Letters to the Editor
Thursday, December 25, 1997

Hawaiians should choose Bishop Estate trustees

I am so happy to hear that the Supreme Court will not be appointing the Bishop Estate trustees anymore.

The Kamehameha Schools alumnae and the Hawaiian community are the rightful beneficiaries. They should select the trustees.

As an alumnus of Kamehameha and a kanaka maoli (indigenous Hawaiian) my selection for trustees would be: Rubellite Kawena Johnson, Kekuni Blaisdell, John Lake, Don Lewis and Eric Po'ohina.

Eric Po'ohina

(Via the Internet)

Justices must reverse decision to abandon trust

The Hawaiian community should be up in arms about the Hawaii Supreme Court justices' decision to stop choosing Bishop Estate trustees. By succumbing to public pressure, the justices are abandoning the privilege of honoring Princess Pauahi's final request.

If they are concerned about promoting distrust and cynicism and underming public trust in the judiciary, what does their solution say to the public about them as individuals who make up the highest court and who must decide critical legal issues facing our community? If the pressure is too great, we will abandon our obligations and leave them to others to sort out?

The individuals who select Pauahi's trustees must have the courage to be independent, the courage to admit when they have erred, the courage to stand fast under public criticism and the courage to say we will not abandon the trust placed in us. They must say we will not be part of any attack on the will. Therefore, the justices, as individuals, must say, "We reverse our decision to end our involvement in the selection of Bishop Estate trustees and will challenge any attempts to destroy or erode the will by seeking a change in the selection process."

Dennis Fern

Trustees should have met with people in first place

Has it occurred to any of the Bishop Estate trustees that if they had agreed to meet with Hawaiian leaders when it was requested early on, they wouldn't have had to hang their laundry out in public?

After all, they finally ended up meeting anyway. I hope some good will come out of it.

Lokelani Lindsey's "he said" and "he did" reminded me of a teen-ager rather than an adult in a position of authority and leadership.

The trustees need to remember that they are representatives of all Hawaiians, not just those attending Kamehameha Schools, and that what they do should be open to inspection.

I hope that the next time we read or hear about Bishop Estate, it will be in a positive manner.

Annette K. Mahikoa Spinaio
(Via the Internet)

Why are three trustees being picked on by press?

Wow! Your Dec. 13 headline read, in big bold letters, "Unfit to serve." All of a sudden, Gerard Jervis and Os wald Stender are the good guys. Why are both newspapers making the other three trustees the bad guys?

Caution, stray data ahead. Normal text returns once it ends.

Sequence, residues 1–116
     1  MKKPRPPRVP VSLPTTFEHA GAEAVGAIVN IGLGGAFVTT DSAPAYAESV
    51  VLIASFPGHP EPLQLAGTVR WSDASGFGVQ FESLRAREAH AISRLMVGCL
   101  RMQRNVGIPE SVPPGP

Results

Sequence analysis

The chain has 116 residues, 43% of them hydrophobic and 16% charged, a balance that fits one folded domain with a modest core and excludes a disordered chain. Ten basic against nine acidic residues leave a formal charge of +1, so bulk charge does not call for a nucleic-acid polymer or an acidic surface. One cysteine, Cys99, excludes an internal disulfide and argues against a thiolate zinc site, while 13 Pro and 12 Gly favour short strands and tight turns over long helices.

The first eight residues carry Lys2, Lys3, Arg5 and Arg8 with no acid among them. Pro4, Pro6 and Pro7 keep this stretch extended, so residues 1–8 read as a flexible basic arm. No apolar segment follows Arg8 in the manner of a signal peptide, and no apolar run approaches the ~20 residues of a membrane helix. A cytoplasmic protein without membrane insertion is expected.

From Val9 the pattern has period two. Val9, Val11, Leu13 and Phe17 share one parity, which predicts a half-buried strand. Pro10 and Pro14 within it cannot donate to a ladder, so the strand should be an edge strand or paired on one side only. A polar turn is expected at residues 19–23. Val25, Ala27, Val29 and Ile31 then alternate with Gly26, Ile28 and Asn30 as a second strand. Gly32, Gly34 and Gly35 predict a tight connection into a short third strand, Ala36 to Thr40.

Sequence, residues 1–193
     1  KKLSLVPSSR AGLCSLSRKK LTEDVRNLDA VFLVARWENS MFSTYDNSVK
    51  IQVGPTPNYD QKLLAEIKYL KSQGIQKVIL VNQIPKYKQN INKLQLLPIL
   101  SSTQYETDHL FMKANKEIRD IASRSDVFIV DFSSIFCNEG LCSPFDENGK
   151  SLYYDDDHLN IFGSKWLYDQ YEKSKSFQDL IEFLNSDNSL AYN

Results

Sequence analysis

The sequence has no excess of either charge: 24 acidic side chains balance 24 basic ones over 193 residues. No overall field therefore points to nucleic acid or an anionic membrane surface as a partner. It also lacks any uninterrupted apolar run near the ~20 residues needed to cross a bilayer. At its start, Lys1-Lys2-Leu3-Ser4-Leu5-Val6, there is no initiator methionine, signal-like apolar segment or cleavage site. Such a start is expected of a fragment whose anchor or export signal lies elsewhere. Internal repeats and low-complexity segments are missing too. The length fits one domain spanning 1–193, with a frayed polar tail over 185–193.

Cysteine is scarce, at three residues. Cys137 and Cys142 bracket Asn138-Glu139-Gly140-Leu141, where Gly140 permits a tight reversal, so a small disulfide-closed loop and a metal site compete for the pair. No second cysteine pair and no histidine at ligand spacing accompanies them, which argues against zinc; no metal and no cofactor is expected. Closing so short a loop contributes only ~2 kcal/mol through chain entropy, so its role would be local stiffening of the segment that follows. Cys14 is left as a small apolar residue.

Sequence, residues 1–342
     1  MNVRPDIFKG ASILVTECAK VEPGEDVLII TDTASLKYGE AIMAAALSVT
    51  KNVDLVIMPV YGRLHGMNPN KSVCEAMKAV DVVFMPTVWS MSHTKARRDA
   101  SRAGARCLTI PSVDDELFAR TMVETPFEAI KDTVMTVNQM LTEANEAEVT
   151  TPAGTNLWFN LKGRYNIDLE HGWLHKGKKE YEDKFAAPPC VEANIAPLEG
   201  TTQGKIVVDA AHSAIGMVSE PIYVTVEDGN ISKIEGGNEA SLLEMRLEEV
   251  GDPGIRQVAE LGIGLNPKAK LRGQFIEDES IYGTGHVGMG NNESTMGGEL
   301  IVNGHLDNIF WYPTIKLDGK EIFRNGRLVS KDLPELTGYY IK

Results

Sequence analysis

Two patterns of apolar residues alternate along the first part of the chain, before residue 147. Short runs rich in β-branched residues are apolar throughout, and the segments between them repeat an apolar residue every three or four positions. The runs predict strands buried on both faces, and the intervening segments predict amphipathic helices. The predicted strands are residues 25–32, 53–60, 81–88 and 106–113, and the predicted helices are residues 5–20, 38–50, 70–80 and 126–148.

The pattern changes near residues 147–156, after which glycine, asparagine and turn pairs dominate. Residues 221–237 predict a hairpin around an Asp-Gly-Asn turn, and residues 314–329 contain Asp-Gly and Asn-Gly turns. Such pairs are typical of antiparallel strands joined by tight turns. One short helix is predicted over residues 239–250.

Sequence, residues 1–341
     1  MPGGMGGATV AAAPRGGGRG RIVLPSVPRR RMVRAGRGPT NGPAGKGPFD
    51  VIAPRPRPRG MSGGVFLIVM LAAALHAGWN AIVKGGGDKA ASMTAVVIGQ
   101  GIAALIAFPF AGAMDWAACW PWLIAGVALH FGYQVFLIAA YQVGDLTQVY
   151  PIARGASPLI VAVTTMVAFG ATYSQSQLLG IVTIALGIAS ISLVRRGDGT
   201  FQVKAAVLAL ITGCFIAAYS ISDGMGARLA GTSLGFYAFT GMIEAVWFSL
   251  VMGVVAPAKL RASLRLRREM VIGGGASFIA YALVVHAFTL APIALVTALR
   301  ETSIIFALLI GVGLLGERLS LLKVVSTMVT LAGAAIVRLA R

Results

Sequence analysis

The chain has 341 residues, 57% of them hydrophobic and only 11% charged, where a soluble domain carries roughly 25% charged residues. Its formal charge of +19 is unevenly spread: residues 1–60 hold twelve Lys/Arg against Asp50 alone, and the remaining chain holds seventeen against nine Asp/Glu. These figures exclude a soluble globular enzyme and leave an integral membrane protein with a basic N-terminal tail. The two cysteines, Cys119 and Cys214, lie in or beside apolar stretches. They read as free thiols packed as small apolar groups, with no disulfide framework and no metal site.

The newspapers are having a field day with Lokelani Lindsey. The Star-Bulletin even had a cartoon on the front page.

Is it really about Lindsey or is it about Bishop Estate's land holdings? Does lease-to-fee sound familiar?

The Hawaiian community, especially that very vocal group Na Pua, had better wake up before all the land is lost to non-Hawaiian leaseholders.

To Lokelani Lindsey, Dickie Wong and Henry Peters: Hang in there!

Edwin Chang
(Via the Internet)

Bishop Estate Archive

Lower insurance rates at a very steep price

Claims made that car insurance rates are tumbling in Hawaii appear to be absolute shibai.

A recent questionnaire mailed to me by my auto insurance company and discussions with agents for other insurers confirms that any consumer cost reductions will be due to reduced coverage now being offered by the insurers, or the requirement that any injuries due to auto accidents be treated by a "managed health-care" provider chosen by the insurance company.

The result: Any reductions in cost will reflect either less protection to the insured or an inability to receive medical care from physicians of one's choice because a "provider of choice" is limited to one or two "managed health-care" providers designated by the insurance company.

My chosen health-care provider of many years is Kaiser Permanente. But to avail myself of a reduced rate, I would not be able to use its doctors, staff and program that have served me well for many years.

The fact is that we will not see a reduction in rates. We will just pay less to get less.

George M. Hudes

Sexual minorities display is defaced by detractors

Currently there is a display at Hamilton Library on the UH-Manoa campus set up by the Queer Student Union with pictures and information about sexual minorities.

On at least two separate occasions, apparent religious fundamentalists have defaced this display. These people seem to feel that seeing this information offends their sense of morality, yet all sense of propriety flies out the window when these people, so concerned about morality, turn around and deface private property because they don't like what they see.

It is perfectly fine if these anti-gay folks don't like us. We don't need their approval; neither do we need, or deserve, their discriminatory attitudes.

I, personally, don't like people who ascribe such hateful attitudes to a God that I know to be loving and caring. But you won't see me defacing their churches or leaving nasty messages in the hymnals.

America is a place that promises equality and the right to the pursuit of happiness for all of its citizens. It's too bad that a few feel, in the name of their religion, that their pursuit of happiness depends so much on the need to discriminate against others.

Ken Scott
(Via the Internet)

Please say it ain't so: Fasi's name on ballot!

Frank Fasi for governor -- again?!

Some people never learn.

Carol Banks Weber
(Via the Internet)

Bishop Estate Archive

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